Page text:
THE Rural City of Wangaratta has stood back from a scheme to settle refugees in country communities because it has been unable to marshal all information about the resources required to support its participation.
But neighbouring Indigo Shire Council has recognised that while not all the details of the Safe Haven Enterprise Visa (SHEV) have been decided, the scheme could offer opportunities to help refugees and to develop local communities.
Indigo formally responded to a Municipal Association of Victoria (MAV) call before June 30 to signal interest in partnering the Commonwealth and state governments and other Victorian councils in the scheme.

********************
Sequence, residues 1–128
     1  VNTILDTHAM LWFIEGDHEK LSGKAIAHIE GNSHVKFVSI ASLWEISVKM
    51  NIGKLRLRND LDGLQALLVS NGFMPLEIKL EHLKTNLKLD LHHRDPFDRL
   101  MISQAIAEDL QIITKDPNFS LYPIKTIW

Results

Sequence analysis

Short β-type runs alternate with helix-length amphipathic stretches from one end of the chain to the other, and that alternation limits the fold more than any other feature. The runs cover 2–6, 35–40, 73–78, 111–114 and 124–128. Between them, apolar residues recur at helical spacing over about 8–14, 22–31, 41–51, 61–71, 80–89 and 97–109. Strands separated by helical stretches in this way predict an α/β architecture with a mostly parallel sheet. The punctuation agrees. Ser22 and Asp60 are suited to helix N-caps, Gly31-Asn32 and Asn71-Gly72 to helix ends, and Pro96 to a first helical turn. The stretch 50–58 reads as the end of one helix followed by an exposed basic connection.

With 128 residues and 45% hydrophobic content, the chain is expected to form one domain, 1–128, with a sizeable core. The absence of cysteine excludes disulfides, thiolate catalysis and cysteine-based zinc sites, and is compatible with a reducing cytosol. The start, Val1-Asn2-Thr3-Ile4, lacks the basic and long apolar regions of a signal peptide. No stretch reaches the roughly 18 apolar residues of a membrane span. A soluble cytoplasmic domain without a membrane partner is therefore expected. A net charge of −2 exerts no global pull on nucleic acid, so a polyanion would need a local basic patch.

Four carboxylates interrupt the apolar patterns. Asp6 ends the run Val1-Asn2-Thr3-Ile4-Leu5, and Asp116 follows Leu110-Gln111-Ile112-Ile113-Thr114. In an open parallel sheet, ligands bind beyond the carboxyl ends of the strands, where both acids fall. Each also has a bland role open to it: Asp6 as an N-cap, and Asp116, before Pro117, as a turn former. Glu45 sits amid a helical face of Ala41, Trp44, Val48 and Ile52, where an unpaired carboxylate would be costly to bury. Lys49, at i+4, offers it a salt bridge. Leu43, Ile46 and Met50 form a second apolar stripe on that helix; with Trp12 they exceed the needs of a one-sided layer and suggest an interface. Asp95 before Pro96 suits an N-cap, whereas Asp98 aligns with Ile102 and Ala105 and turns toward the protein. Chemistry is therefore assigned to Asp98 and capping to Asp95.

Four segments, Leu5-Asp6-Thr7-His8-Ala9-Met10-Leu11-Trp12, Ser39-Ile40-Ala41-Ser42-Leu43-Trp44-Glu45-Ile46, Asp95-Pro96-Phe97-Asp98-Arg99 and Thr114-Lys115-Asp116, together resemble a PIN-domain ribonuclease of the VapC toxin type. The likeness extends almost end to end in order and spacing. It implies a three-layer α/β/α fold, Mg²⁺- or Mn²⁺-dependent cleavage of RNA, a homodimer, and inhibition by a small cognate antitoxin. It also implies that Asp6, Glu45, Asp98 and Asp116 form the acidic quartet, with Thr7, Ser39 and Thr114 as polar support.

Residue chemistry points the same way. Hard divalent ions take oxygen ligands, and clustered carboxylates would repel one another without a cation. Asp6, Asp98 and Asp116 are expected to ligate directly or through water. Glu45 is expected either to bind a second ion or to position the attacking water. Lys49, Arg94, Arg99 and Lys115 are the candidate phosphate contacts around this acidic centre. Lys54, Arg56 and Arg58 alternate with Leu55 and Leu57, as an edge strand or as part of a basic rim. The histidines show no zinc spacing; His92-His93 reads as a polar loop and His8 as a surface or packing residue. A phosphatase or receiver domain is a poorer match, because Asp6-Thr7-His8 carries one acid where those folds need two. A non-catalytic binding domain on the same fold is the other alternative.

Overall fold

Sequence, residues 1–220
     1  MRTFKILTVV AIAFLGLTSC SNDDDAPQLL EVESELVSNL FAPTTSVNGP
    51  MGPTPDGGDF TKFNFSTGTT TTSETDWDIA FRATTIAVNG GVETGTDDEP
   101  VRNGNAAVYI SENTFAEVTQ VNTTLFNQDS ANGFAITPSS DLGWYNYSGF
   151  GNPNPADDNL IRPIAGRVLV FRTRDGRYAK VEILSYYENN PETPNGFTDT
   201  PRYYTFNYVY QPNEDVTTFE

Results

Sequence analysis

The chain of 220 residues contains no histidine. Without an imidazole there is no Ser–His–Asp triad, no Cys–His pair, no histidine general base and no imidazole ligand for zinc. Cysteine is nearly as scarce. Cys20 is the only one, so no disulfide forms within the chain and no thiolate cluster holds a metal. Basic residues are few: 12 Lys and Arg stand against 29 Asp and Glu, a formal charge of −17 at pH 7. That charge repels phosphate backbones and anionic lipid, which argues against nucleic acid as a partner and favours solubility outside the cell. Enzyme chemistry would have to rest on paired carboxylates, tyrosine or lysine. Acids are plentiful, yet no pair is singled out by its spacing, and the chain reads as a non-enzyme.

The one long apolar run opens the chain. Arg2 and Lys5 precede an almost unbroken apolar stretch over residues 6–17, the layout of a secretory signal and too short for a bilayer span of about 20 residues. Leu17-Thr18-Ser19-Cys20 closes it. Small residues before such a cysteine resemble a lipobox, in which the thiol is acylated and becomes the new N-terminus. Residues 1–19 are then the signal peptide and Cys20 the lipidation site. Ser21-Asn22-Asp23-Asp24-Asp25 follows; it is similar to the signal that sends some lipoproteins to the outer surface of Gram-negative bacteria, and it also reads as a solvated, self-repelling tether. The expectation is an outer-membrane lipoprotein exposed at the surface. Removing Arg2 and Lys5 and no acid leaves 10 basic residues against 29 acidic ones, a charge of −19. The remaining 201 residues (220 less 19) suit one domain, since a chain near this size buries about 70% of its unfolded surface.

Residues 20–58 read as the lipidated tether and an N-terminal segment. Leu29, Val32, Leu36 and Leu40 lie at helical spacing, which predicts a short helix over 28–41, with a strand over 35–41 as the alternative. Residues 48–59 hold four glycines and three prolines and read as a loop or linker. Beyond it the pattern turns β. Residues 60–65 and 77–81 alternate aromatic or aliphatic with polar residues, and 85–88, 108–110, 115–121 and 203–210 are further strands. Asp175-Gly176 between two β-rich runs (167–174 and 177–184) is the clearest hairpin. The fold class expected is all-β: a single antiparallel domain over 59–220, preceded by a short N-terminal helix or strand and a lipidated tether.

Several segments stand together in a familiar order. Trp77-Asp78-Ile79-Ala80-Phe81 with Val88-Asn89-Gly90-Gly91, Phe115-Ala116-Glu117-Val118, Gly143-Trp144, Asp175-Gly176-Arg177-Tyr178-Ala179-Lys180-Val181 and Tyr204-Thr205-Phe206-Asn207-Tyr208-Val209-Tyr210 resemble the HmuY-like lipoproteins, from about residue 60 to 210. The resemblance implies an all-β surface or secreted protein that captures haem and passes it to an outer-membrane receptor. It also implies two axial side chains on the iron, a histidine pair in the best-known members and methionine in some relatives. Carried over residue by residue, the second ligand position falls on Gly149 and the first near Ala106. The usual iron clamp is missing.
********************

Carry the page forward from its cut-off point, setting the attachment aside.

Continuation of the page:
The visa is to become available to refugees who arrived in Australia before July 2013 by means which the government defines as “illegal – such as boat – and who were then found to qualify for Australia’s protection.
The association estimates there are about 10,000 people in this category now living in Victoria on temporary bridging visas.
They are officially barred from work or study.
But if they qualify for the new visa – which the Federal Government introduced late last year but is yet to finalise – they will be able to live, work and study in a participating country community provided they agree to do so for five years.